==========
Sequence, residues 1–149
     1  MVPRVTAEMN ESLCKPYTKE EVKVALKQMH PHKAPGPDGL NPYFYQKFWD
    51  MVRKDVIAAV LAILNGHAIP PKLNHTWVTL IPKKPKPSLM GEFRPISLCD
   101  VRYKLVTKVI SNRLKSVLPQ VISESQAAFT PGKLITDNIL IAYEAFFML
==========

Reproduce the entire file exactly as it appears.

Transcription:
Sequence, residues 1–149
     1  MVPRVTAEMN ESLCKPYTKE EVKVALKQMH PHKAPGPDGL NPYFYQKFWD
    51  MVRKDVIAAV LAILNGHAIP PKLNHTWVTL IPKKPKPSLM GEFRPISLCD
   101  VRYKLVTKVI SNRLKSVLPQ VISESQAAFT PGKLITDNIL IAYEAFFML